Our Beliefs

Our faith is all about Jesus: his unparalleled life, his saving death, and his victorious resurrection. All the rest is details.

Our life is all about Jesus: who he really was, not the subjective product of our own idol-factory;

the whole Jesus, not just the parts we like; both the loving Jesus, and the no-nonsense Jesus; the Jesus whose love and whose grace can never be equaled, earned, or deserved, the Jesus to whom the Scriptures of the Old and New Testaments bear unique, authoritative witness; the Jesus who loved both the woman at the well and Zacchaeus too much to leave them in self-affirming sin.

He lived the life we should have lived; he died the death we should have died. 

Our faith is all about the Cross. Anselm of Canterbury laid it out for us in Cur Deus Homo? (which means, Why did God have to become human?). Anselm spelled out what our entire Nicene-Chalcedonian Christology was designed to uphold: the principle that only Someone who was fully God and fully human could satisfy the penalty of human sin for an entire world. Every other belief about what Jesus did for us, depends on that belief for its meaning. 

Our faith hangs on Jesus’ resurrection, the truth that sets Jesus apart from every other claim on our hearts, the reality without which the symbol loses its meaning. When it comes to what we will stake our life on, fact trumps fiction every time. If Jesus did not rise, we are all as hopeless as a hog in the stockyards. Jesus’ resurrection validates the entire story of who he is and what he has done. He has now ascended to the throne of the Universe, taking human flesh where it has never gone before, confirming that the Jesus of history and our heavenly Lord are the same Person. He shall come again to earth “like the lightning that flashes across the sky,” to give us new, imperishable bodies like the one He was raised with, to create a new world where the fascinations of this life will seem like childish toys.

But there is more. Because of Jesus, I am compelled to believe in one triune God, the Holy One of Israel.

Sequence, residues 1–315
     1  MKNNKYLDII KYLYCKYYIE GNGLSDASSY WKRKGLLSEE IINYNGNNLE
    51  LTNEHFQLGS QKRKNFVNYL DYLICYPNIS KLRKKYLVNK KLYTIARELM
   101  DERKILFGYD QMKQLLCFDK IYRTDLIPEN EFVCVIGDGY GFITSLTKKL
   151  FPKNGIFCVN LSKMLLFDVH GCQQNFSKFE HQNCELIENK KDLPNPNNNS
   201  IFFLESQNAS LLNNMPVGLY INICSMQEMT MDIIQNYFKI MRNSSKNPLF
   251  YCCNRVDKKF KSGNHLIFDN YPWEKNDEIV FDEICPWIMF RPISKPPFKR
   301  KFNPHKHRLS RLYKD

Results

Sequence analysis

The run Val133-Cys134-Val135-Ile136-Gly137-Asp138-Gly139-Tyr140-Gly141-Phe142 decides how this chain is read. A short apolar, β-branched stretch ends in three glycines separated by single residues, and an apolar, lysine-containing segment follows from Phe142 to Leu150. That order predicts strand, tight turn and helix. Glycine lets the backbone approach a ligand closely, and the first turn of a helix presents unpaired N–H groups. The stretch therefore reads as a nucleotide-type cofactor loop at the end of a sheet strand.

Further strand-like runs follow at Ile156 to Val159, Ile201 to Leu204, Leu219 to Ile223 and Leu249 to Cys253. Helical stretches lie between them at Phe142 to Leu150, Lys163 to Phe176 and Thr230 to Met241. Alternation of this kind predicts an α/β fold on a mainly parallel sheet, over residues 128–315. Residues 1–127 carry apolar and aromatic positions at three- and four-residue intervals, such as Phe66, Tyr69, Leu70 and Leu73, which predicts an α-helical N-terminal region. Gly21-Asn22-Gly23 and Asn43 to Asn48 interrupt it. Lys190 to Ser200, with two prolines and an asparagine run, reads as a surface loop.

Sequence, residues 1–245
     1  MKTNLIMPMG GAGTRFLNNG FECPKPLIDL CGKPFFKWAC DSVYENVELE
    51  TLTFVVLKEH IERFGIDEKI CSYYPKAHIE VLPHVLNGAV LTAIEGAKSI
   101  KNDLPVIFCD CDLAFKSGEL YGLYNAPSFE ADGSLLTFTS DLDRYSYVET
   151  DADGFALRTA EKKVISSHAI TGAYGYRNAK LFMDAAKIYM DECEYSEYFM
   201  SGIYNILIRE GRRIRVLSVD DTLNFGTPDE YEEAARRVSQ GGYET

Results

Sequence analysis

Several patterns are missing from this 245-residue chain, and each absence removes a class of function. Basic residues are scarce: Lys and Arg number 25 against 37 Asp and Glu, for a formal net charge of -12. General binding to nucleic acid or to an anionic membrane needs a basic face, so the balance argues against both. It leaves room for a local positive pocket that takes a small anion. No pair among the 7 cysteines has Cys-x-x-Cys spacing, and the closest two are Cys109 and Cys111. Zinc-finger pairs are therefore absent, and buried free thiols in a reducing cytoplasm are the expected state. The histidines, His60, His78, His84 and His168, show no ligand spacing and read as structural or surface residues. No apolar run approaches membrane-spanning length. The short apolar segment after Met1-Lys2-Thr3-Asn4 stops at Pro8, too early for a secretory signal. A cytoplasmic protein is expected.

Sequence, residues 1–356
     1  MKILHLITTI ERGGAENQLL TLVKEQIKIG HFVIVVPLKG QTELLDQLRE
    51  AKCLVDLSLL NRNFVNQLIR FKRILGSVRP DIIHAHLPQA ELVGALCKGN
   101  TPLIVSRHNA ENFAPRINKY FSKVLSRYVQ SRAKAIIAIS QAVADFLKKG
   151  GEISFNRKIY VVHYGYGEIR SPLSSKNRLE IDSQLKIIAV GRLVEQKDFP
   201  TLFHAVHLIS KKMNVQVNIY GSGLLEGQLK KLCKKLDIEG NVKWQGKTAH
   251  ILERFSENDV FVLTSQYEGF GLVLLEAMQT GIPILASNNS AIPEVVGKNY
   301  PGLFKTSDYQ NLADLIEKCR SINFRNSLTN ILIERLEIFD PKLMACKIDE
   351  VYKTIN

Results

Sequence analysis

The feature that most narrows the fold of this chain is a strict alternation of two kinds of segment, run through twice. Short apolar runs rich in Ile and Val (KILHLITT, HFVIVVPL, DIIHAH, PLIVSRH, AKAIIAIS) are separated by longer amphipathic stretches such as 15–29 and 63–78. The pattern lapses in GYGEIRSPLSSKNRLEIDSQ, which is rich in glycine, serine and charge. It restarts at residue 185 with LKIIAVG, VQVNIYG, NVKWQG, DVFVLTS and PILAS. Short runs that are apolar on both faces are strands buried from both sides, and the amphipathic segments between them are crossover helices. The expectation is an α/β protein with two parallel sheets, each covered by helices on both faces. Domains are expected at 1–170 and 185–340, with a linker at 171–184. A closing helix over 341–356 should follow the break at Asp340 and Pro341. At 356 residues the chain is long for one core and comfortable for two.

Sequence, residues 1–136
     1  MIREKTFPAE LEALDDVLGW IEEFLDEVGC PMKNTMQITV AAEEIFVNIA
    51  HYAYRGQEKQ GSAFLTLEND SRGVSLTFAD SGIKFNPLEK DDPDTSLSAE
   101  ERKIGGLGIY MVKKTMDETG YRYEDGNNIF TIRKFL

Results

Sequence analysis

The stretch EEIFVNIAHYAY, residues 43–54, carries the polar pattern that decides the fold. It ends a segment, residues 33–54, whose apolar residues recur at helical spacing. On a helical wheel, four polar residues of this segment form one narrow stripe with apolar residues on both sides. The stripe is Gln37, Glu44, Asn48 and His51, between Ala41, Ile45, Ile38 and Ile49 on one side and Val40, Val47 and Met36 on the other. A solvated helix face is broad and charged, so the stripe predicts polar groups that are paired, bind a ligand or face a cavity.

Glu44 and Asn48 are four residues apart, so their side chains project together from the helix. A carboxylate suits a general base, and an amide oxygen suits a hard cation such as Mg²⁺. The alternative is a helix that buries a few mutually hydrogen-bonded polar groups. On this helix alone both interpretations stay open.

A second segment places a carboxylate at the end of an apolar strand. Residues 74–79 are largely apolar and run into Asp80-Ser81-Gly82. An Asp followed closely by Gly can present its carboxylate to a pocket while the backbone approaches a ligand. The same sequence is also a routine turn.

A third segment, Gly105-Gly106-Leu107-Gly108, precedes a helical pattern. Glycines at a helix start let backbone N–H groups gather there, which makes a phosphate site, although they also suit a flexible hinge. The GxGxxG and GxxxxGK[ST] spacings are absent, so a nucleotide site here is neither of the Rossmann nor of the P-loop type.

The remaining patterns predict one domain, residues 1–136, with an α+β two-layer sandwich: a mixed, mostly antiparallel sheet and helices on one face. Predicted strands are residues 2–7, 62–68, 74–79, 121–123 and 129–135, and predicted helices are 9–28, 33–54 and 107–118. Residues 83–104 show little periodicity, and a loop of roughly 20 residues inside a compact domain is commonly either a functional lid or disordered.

I believe this Jesus is the unique incarnation of God the Father, who is: the Creator of the masterpiece that reflects the Creator’s beauty and power, the sovereign, indisputable Ruler of all that is, the One from whose presence earth and sky shall one day flee away in terror, the One whose unmatched character sets the standard for love, justice, and truth.

I likewise believe in the Holy Spirit, the One who indwells and empowers those who believe, the One who opens our eyes and gives us new hearts to believe God’s truth, the One who translated God’s word into human written language through the words of the prophets and apostles.

I believe in the inerrancy of Scripture, as defined in the Chicago Statement of Biblical Inerrancy. I approach the Bible with a hermeneutic of trust rather than suspicion.  Biblical authority means that I cannot correct the Bible, but the Bible corrects me.

I believe that God created us for a relationship with God, and gave us tremendous potential for good. But our relationship with God has been broken by sin, twisted beyond our power to repair.  We find ourselves enslaved to what is not good for us, and powerless to do what is good. It is from this bondage that Jesus comes to set us free.

I believe that through Christ, God adopts us into the family of God, the Church. Jesus claims us as his covenant children in the waters of baptism, and he is present with us whenever we eat the bread and drink the cup by which we proclaim his saving death.

I believe that how we respond to the mercy of Christ will lock in our eternal destiny: to a life of endless joy in the presence of God, or a place of endless torment apart from God.

A statement of faith from the Chester (UK) Cathedral sums it all up. “We believe:

That God has shown us what God is like through the life, the death, and the rising again of Jesus Christ;

That God loves each and every human being;

That through faith in God and trust in God’s promises, we can become the people God wants us to be: healed of what harms us, free of what imprisons us, and more fully alive.”



  July 2021  
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